There is a sad truth in that cynical conclusion. It’s thanks to that useless patriarchal desire to exert control over women’s sexuality, and its tendency to slip unpredictably into aggression if met with resistance, especially from women who do not play the part of Lady McChastity. I remember Dick saying at some point “but she acts so innocent! Why do you act so innocent?” The implication was clear: I didn’t perceive you as someone who would freely enjoy sex, but since you do, why are you fronting like you won’t fuck me?

 

What bullshit extrapolation is this? What does the fact that I feel free to enjoy my sexuality with Tom, have to do with any random Dick or Harry walking down the street? I mean. It does not give Dick and Harry any claim over my body – nor even Tom, for that matter. It obviously does not warrant harassment and public humiliation if I refuse sexual advances. And as for these bullshit double standards that seek to demean women who dare to enjoy sex, more than enough has been said on that matter. Abeg.

 

But although I recognize this fuckery for what it is, the emotional impact is deep enough that I worry it will influence how I engage with people in future. I love sex, would love to be having a lot of it all of the time, but alas, my reluctant reality is closer to a nun. It’s partly because I rarely meet people who interest me enough – but also because I struggle with vulnerability in this particular sphere of my life, I tend to be too wary, too awkward. And what this incident reminded me is that even on the rare occasion you find someone you are attracted to and feel safe with, misogyny is always a blink of the eye away, and the simple act of embracing your sexuality opens you up to attack. It makes it hard to feel safe. It makes it easier to be even more guarded, to hold back, to restrain your sexuality lest it be twisted and exploited. But that’s when fear wins, and is this ever an option?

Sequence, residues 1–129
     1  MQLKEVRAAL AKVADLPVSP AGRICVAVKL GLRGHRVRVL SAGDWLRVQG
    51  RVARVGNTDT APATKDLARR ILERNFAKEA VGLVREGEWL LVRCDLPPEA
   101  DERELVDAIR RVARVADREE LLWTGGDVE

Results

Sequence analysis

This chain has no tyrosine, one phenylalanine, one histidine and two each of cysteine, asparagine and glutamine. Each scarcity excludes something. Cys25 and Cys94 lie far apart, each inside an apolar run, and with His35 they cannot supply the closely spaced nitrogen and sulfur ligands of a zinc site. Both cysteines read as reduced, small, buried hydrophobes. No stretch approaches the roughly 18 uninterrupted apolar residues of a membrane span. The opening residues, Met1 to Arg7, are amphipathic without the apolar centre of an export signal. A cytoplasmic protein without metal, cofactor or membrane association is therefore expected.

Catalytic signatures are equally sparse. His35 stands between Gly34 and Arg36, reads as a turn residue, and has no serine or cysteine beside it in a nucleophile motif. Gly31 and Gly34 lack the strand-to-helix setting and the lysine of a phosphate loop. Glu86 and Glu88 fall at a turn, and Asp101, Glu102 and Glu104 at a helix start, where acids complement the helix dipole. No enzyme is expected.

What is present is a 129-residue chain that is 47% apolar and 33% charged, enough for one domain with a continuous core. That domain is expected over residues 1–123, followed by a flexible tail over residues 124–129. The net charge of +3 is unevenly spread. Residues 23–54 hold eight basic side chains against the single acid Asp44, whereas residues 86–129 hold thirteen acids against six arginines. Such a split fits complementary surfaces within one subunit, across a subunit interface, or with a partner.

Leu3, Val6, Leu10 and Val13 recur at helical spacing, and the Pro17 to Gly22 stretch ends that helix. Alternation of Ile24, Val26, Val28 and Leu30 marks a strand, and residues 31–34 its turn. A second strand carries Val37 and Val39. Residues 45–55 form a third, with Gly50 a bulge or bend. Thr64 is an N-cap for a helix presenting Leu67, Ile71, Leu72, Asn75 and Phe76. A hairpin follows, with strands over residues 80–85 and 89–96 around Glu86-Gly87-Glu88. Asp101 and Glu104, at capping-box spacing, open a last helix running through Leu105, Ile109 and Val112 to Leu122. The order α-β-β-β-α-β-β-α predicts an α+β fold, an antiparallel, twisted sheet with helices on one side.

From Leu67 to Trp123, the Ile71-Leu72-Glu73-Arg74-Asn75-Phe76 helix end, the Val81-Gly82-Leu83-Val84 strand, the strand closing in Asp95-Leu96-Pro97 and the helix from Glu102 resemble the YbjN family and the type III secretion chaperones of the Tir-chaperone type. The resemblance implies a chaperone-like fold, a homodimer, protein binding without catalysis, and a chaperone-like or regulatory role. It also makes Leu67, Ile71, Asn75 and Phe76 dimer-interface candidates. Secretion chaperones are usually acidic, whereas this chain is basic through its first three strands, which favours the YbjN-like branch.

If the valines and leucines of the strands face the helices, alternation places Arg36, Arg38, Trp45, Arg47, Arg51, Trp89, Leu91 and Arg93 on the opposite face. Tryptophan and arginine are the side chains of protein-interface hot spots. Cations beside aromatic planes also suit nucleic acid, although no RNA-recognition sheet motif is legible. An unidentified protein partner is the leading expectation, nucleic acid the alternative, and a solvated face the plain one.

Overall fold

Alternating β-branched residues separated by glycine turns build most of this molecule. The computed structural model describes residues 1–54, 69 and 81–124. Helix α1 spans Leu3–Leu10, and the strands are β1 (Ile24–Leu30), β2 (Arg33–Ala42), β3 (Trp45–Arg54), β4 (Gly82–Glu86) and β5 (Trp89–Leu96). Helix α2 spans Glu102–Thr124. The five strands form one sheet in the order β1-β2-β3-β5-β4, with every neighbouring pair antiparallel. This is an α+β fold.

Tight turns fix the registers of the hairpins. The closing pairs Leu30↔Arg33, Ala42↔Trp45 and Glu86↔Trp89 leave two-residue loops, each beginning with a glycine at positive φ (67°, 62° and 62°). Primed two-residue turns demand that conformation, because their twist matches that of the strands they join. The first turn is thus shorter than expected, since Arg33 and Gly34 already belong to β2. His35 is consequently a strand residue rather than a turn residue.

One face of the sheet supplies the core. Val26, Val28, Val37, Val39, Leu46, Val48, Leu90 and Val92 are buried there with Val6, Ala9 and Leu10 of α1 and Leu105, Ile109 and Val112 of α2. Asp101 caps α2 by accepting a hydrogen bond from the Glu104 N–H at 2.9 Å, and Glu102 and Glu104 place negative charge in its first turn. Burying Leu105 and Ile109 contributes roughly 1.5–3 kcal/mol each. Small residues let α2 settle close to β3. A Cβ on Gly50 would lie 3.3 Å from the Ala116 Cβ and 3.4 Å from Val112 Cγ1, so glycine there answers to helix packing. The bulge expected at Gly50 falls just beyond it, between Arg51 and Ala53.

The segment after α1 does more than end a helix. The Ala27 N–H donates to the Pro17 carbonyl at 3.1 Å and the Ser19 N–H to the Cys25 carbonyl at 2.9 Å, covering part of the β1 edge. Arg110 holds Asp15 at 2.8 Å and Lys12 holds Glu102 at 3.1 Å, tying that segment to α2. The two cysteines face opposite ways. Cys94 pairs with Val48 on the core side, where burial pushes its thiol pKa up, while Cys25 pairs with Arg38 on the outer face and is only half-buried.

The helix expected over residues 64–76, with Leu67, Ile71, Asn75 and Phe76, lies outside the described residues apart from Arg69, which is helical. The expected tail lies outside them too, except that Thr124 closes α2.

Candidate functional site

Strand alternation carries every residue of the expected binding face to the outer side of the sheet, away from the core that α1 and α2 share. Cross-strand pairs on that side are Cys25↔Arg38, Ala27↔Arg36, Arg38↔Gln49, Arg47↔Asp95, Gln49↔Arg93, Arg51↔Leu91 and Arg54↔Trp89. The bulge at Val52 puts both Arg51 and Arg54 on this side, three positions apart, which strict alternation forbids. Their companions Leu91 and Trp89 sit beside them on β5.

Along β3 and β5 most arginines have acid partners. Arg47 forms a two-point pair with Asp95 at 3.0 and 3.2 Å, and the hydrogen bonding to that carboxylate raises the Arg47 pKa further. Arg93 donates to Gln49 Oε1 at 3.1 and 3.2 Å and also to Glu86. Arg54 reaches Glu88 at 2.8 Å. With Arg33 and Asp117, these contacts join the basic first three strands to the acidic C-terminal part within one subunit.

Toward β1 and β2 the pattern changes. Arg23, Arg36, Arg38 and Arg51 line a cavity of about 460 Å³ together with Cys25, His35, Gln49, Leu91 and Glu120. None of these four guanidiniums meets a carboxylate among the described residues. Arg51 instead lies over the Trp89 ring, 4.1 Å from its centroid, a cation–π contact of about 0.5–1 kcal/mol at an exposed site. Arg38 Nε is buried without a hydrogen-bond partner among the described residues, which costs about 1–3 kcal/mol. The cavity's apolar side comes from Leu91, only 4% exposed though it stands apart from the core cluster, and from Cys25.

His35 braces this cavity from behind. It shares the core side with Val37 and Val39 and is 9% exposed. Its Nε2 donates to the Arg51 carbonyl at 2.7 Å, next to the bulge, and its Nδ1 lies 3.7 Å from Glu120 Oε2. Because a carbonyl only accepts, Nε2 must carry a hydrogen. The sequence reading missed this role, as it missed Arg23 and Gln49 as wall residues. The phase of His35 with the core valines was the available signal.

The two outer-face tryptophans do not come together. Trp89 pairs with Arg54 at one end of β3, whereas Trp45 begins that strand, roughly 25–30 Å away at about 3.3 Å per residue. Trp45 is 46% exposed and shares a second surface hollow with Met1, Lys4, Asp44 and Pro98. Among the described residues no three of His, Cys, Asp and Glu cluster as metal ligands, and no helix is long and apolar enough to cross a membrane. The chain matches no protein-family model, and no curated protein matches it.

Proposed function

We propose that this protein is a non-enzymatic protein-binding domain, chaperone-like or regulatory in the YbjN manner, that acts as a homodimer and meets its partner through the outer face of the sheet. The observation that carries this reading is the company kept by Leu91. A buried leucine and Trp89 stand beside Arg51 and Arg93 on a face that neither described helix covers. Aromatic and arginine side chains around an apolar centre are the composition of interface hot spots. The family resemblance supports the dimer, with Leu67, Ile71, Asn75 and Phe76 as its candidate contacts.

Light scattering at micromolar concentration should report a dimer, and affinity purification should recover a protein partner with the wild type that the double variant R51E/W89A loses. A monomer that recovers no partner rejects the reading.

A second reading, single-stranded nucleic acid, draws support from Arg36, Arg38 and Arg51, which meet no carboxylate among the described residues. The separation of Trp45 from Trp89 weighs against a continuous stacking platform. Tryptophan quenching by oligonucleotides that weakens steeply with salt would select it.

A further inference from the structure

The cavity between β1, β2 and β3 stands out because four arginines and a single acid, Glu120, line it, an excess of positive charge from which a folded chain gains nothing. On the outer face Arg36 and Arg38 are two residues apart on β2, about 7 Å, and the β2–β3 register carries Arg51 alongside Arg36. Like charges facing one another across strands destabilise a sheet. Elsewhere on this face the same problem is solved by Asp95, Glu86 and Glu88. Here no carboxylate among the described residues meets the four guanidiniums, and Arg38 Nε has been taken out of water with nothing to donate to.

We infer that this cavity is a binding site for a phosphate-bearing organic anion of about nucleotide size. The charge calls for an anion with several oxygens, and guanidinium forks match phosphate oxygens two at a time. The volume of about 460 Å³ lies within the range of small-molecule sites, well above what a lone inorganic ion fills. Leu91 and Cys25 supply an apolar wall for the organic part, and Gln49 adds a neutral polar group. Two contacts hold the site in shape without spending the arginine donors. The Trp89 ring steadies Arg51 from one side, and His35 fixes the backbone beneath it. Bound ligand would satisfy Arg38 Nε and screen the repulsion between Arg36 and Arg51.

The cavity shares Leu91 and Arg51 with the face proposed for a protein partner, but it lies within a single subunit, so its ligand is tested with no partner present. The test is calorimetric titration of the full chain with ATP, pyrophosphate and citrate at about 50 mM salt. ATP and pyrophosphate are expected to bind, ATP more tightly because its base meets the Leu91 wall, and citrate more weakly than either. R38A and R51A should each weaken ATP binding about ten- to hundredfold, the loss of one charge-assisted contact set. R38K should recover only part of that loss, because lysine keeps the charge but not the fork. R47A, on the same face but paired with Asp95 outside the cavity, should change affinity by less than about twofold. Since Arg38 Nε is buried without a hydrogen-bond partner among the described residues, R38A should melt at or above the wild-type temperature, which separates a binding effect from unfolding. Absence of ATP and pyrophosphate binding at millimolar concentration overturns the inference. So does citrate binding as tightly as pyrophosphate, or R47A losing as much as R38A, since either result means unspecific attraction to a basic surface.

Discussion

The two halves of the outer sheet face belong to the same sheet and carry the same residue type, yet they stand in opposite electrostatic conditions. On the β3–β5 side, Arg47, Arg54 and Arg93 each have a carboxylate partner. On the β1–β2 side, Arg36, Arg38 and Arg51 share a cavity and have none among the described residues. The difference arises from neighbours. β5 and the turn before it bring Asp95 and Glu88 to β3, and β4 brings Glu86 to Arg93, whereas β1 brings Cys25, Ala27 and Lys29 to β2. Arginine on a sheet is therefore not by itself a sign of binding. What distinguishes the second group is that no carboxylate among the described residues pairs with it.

[1] Yes yes, I hear some of you men reading this piece –“Not all men!”– Noted. Take a seat.

sroofcrop

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Published on: 30 September 2015 by in Creative Non Fiction

has written 230 stories on this site.

3 Comments
  1. Kwunume says:

    I feel your pain, Dick is very rude what he said,he said in public but when he apologised he did so in private.

  2. Saffron & Lace says:

    What a horrible experience! What a jerk! I am sorry you had to experience that.

    I’ve dealt with something similar regarding my expression of my sexuality – how I express myself, who I share it with.

    I am amazed at the men who demand performance of my sexuality. Who are disappointed when I ‘act too puritan’ and are offended when I express my sexuality but not to their ‘advantage’.

    The belligerent stance that sets in on hearing the word “no”. The ease with which words like slut or whore are applied when I embrace my sexuality but exclude them.

    Can I not celebrate my sexuality and embrace it if i am not performing for you? That question when posed has always led down the ‘Madonna-whore’ complex which is a non-productive conversation.

  3. Adyeeri says:

    Thanks Saffron. You couldn’t have said it better. This sense of entitlement is so twisted and disturbing.